What to see? That's a tough one to answer... Personally, I do not like organized tours (to me, this is like being a part of the flock being shuffled around). Also, such tours tend to give you too little time to explore on your own, which makes it very hard to see any of the true local culture.

If I was you, I would get a travel book and take a look - see what jumps at you as being interesting. Nowadays, some of them will highlight what to see in a given city if you have only 2/3/5 days or 1/2 weeks. With only a week, you will run out of time much quicker that out of things to do/see. In Florence, in particular, in the old part of the town you almost don't even need an agenda - once you start walking around you will not be able to avoid stumbling over things to see...

Have fun!!!
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Old 12-06-2007, 12:18 PM   #6
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I suggest you buy the latest Lonely Planet Italy.
No car - public transport if at all possible. Rick Steeves or Berlitz phrasebook if you don't know Italian.
No experienced traveler will ever say "I can't believe you didn't go to..." and mean that you screwed up. If someone says that, it just means they want you to listen to their story.
Always plan on going back, otherwise you'll go crazy trying to see everything. That's true of anywhere on the planet you may visit.
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Old 12-06-2007, 04:18 PM   #7
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IMHO...

Great news -- you CANNOT go wrong here. Everything is wonderful and you'll have an amazing time no matter what you do.

If it were me, I'd spend 1/2 time in Rome and 1/2 in Florence.

You could spend a year in Rome and not see everything, so even if you just did that you'd be fine. While I found Florence, Venice, and the hill towns overrun with tourists and the commercialism that goes with them (us), Rome gave me the best feel for what it was like to be in Italy, among Italians.

Florence is still worth it for the art, however -- no question about it. Great trains run between Rome and Florence and they're both highly walkable, so I wouldn't bother with a car. I've gone with and without a vehicle so I don't think it's unmanageable, it's just not necessary unless you want to see all the hill towns.

You might add an overnight trip to Venice if you really must, but I found it to be an adult Disneyland. Incredibly beautiful, but still very commercialized and filled with tourists and the same swank stores that you can find in any major city. That was in the summer -- in the winter there might be fewer tourists, but check the flooding before you go -- St. Mark's flooded every night we were there and some of the days, too. Bring galoshes!!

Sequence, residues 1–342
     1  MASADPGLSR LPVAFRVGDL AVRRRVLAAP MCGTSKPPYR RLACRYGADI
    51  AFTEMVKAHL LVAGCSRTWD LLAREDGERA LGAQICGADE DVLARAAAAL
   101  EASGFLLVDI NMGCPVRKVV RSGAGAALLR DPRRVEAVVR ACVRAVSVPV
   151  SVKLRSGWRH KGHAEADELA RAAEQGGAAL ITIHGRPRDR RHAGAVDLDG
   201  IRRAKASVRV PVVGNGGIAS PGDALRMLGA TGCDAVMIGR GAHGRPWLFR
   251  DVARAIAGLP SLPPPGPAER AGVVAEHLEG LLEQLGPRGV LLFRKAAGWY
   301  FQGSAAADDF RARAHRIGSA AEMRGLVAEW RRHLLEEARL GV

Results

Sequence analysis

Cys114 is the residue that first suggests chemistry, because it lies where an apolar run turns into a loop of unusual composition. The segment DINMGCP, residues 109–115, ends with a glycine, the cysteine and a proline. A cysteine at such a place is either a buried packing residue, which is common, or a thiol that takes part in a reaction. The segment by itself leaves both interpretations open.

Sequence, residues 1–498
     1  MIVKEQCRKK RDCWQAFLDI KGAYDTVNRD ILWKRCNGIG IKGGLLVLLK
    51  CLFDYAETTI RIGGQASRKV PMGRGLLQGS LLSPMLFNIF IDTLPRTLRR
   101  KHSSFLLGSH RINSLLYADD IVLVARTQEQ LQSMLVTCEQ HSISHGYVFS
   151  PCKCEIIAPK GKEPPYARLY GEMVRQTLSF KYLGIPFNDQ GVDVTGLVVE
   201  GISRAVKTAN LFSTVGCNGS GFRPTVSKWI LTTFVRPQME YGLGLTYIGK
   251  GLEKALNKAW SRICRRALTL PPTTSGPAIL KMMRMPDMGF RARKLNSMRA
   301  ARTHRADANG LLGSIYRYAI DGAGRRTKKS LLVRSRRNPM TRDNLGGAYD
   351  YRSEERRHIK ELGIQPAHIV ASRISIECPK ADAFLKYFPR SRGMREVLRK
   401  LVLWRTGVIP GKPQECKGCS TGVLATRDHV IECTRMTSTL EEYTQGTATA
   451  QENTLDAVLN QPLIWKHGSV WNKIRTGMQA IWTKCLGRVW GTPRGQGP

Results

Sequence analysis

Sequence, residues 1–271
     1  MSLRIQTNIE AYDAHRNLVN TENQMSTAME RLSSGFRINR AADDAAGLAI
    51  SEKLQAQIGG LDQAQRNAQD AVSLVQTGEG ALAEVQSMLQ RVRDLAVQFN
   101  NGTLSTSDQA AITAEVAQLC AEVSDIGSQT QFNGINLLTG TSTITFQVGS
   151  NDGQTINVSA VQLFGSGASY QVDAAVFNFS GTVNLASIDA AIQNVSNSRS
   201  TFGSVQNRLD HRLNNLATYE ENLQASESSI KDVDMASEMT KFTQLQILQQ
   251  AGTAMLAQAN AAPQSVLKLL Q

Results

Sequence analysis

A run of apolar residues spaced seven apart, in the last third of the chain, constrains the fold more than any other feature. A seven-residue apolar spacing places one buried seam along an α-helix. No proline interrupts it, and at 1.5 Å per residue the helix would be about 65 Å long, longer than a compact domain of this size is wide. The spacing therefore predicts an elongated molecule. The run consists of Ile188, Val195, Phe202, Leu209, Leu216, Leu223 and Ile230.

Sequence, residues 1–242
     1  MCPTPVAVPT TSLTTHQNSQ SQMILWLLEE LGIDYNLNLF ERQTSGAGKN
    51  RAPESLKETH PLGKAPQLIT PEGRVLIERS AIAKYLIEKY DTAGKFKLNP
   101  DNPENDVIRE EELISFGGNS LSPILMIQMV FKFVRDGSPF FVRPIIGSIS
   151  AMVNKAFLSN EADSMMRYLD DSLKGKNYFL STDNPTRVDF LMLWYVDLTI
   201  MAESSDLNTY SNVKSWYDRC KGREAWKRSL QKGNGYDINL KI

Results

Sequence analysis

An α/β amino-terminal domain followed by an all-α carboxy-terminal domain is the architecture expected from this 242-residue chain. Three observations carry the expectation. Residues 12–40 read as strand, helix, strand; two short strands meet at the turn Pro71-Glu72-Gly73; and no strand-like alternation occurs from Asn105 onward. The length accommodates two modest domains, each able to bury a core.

I bypassed Pisa because everyone I talked to said it was overrated and overcommercialized. After the tower and cathedral, there's nothing much else to do except buy cheap trinkets, so they tell me, and you can get those elsewhere.

Given that it's winter have you considered going south? I hear great things about Herculaneum, etc., but have no experience. It's on the list, tho.

I HIGHLY recommend Rick Steves. His tips on buying advanced tickets alone saved us hours in sweltering museum lines.

Whatever you decide, have a great time and let us know how it goes! ;-)
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Old 12-06-2007, 07:58 PM   #8
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I found this website to be very helpful.

Slow Travel Italy - Vacation rentals, villas, reviews, hotels, restaurants, travel information
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Old 12-06-2007, 09:18 PM   #9
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DW and I spent a week in Italy last year. I believe we had a relevant experience re: driving vs trains. When we arrived we had planned on spending the first few days in Rome and picking up a car on the way out of town... found out the hard way that you need an international drivers license to rent - despite what our guidebook said (we had planned on having our drivers license 'translated'). Unfortunately it takes several days to be approved for an int'l drivers license, so we ended up taking the train. If you're only looking at traveling to large cities the train works very well and makes for a pretty stress -free commuting experience.

BTW, Cinque Terre (Cinque Terre - Wikipedia, the free encyclopedia, Pictures of the Cinque Terre - Italy -images 5 Terre Photo Gallery) is absolutely stunning if you like scenery and spending time outside - not sure about the weather in January though!
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Old 12-07-2007, 01:24 AM   #10